BRIEF DESCRIPTION OF THE DRAWINGS

FIG. 1 is a schematic view showing an ionization vapor deposition apparatus used for the manufacturing of a stent according to a first embodiment of the present invention;

FIGS. 2( a) and 2(b) are electron microscopic photographs showing for comparison the surface of the DLC film of the stent according to the first embodiment of the present invention and the surface of the DLC film of a stent according to a comparative example;

FIG. 3 shows the result of Auger electron spectroscopic analysis which shows a component variation in the direction of depth of the stent according to the first embodiment of the present invention;

FIG. 4 shows the result of Auger electron spectroscopic analysis which shows a component variation in the direction of depth of the stent according to the comparative example of the first embodiment of the present invention;

FIGS. 5( a) and 5(b) show the result of measuring the abundance ratio of SP2 bonds to SP3 bonds in the DLC film of the stent according to the first embodiment of the present invention, of which FIG. 5( a) shows a Raman spectrum at the surface thereof, and FIG. 5( b) shows a Raman spectrum at the interface thereof with a stent body; and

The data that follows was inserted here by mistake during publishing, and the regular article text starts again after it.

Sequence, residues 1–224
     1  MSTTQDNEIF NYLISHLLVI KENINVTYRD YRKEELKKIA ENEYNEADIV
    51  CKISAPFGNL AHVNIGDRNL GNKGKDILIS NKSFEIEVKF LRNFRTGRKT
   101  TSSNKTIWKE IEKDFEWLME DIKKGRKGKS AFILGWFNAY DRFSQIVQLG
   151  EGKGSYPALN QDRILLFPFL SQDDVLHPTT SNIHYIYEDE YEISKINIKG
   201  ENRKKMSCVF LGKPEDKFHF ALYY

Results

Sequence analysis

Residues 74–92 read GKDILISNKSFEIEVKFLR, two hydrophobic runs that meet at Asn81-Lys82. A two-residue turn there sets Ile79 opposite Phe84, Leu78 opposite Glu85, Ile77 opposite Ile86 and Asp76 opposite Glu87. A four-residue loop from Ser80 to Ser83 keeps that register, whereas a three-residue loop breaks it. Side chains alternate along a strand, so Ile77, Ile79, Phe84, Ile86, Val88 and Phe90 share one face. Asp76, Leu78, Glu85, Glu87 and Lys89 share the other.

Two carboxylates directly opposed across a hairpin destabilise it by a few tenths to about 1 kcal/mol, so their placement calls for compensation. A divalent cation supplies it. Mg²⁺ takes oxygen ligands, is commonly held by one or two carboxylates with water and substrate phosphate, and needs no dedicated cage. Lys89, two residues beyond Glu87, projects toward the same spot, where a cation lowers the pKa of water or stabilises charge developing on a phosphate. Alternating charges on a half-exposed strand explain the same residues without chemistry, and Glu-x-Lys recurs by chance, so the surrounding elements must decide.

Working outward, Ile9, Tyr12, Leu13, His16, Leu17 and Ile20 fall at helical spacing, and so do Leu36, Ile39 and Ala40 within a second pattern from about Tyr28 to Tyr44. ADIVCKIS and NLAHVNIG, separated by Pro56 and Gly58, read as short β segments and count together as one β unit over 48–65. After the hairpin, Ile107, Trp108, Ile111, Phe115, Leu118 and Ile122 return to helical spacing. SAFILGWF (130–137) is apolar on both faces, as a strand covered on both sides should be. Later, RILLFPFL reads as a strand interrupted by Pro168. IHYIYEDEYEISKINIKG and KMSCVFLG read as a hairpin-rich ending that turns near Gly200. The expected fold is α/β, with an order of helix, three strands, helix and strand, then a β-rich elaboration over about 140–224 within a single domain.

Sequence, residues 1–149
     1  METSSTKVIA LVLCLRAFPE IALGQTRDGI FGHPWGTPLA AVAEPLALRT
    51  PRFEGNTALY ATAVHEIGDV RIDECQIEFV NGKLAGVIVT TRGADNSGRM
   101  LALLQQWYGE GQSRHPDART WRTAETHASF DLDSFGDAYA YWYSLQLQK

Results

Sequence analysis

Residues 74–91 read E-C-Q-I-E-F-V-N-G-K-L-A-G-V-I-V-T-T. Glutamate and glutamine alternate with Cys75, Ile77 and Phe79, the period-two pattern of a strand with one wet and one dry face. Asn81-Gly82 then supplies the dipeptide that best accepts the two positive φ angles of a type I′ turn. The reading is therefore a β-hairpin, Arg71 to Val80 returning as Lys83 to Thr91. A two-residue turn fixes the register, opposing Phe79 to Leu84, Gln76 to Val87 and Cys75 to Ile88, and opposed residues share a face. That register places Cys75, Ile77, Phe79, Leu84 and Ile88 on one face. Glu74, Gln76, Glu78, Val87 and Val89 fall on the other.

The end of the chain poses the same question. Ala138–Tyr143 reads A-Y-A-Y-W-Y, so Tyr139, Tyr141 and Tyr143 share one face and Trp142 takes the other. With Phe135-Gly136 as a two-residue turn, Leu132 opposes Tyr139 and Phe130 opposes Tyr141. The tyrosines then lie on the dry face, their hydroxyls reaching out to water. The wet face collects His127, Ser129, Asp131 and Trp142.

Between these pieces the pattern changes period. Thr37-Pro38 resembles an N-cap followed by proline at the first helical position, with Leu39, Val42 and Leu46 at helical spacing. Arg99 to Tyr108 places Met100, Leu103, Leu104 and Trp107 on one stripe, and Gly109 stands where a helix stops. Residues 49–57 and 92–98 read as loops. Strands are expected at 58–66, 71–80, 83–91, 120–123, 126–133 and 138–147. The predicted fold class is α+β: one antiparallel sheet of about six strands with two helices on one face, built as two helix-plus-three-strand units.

FIG. 6 is a graph showing the correlations among a Young's modulus, the abundance ratio of the SP2 bonds to the SP3 bonds, and a silicon concentration in the DLC film of the stent according to the first embodiment of the present invention.

DESCRIPTION OF NUMERALS

21 Plasma Generator

22 Target

BEST MODE FOR CARRYING OUT THE INVENTION

A medical device according to the present invention includes a diamond-like thin film (DLC film) covering the surface of a medical device body, and containing silicon (Si). The DLC film has a Si concentration which is higher in the interface thereof with the medical device body than in the surface thereof. In addition, the Si concentration continuously varies between the interface with the medical device body and the surface.

In the DLC film, carbon atoms are primarily bonded to each other as SP3 bonds which are diamond bonds and SP2 bonds which are graphite bonds. When the ratio of the SP3 bonds increases, the crystallinity increases to increase abrasive resistance and the like. When the ratio of the SP2 bonds increases, the crystallinity deteriorates to improve adhesion and the like. When Si is added into the DLC film, the bonds between the individual carbon atoms are disturbed so that the ratio of the SP3 bonds lowers to increase the ratio of the SP2 bonds.